Emory Report
January 29, 2007
Volume 59, Number 17

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January 29 , 2007
Rollins School of Public Health

by pam auchmutey

Venkat Narayan looks out on the world from a corner office in the Rollins School of Public Health. Narayan, who joined Emory last fall after a distinguished career at the Centers for Disease Control and Prevention and National Institutes of Health, is a leading expert in diabetes and obesity. Through his research, Narayan strives to change health habits and health policy to prevent and manage diabetes.

Like his RSPH colleagues, Narayan is acting to improve global health and the human condition. Initiatives resulting from the University’s strategic plan have created new opportunities for RSPH faculty and students to improve health locally and worldwide.

The RSPH’s strengths in global health helped lay a strong foundation for the Global Health Institute, a multidisciplinary initiative that extends Emory’s ability to address global health problems. Leading the institute’s formation is GHI director Jeffrey Koplan, vice president for academic health affairs and a faculty member in the schools of medicine and public health. RSPH Dean James Curran and Reynaldo Martorell, Robert W. Woodruff Professor of International Nutrition, serve on the GHI internal advisory board.

Two GHI projects are under way in the RSPH — a program directed by Martorell to expand collaboration between Emory and the Instituto Nacional de Salud Publica of Mexico and a community leadership program for nongovernmental organization leaders, led by Kate Winskell Enger, assistant professor in the Hubert Department of Global Health. Martorell and other RSPH faculty also are collaborating with Peter Brown of the Department of Anthropology to expand global health opportunities in Emory College.

Other faculty are using Emory’s strategic plan as a springboard to address health challenges that encompass different disciplines. Kenneth Thorpe, Woodruff Professor of Health Policy and Management, is interim director of the Institute for Advanced Policy Studies, which seeks solutions to U.S. policy issues, including health care. Michael Kutner, Rollins Professor of Biostatistics, is working to develop a bioinformatics center to support computational and life sciences research at Emory. Carol Hogue, Jules and Uldeen Terry Chair of Maternal and Child Health, co-chairs the Religion and Health Collaborative, a campus-wide umbrella that includes the African Religious Health Assets Program and the Religion and Reproductive Health Project. Both programs are based in the RSPH. Kathy Miner, Associate Dean for Applied Public Health, is helping to prepare engaged scholars by seeking more ways to connect students with faculty mentors through research and service opportunities.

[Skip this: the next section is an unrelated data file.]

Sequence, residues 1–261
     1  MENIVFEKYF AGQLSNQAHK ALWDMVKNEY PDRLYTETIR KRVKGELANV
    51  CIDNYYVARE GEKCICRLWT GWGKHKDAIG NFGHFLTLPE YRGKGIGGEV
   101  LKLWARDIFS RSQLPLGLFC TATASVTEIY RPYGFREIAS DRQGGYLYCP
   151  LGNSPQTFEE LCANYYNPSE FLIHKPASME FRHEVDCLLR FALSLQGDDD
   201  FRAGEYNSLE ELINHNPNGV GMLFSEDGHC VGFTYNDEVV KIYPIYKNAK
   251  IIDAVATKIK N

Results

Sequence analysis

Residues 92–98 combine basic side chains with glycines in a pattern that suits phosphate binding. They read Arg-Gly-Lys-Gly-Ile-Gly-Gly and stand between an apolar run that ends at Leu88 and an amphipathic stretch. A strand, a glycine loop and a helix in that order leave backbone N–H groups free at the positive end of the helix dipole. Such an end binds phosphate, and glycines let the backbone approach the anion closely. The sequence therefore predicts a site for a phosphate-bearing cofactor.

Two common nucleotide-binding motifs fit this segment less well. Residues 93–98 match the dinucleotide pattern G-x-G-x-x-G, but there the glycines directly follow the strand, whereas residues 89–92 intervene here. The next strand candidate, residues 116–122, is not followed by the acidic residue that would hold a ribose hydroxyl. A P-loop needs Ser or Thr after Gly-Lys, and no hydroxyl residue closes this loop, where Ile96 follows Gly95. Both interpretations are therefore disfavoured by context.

The RSPH has developed an international reputation in global health. With approximately 160 full-time faculty, more than 1,000 graduate and doctoral students, and $45 million in research funding, the school is poised to become one of the world’s top five schools of public health. In accordance with its own strategic plan, the school seeks to increase faculty by 30 percent, double its research base and the number of doctoral students, and increase funds for scholarships.

Providing the space to accommodate those goals is a top priority. An architect has been selected to design a second building that will expand classroom and laboratory space, consolidate programs and faculty spread out in eight locations and provide a home for the Global Health Institute.

In many respects, the new building will enhance the school’s strengths as a global health leader in AIDS, nutrition, antibiotic resistance, diabetes and obesity, and safe water. “Improvement in global health not only saves millions of lives each year but also jump-starts poorer nations to become part of the world economy,” said Curran. “Paying attention to global health is the right thing to do.”

Partners in Predictive Health
Public health is fundamental to the success of the Woodruff Health Sciences Center’s Predictive Health Initiative, a key part of “Exploring New Frontiers in Science and Technology” in Emory’s Strategic Plan. Launched in 2005, the PHI serves as a new model of health care that emphasizes maintaining health rather than treating disease. Its programs encompass Emory researchers in medicine, public health and nursing, as well as scientists at Georgia Tech. RSPH faculty head six of the 18 research projects under way. Projects include cancer risk prediction and prevention, led by Roberd Bostick in the department of epidemiology, and models to predict Parkinson’s disease, led by Gary Miller in the department of environmental and occupational health.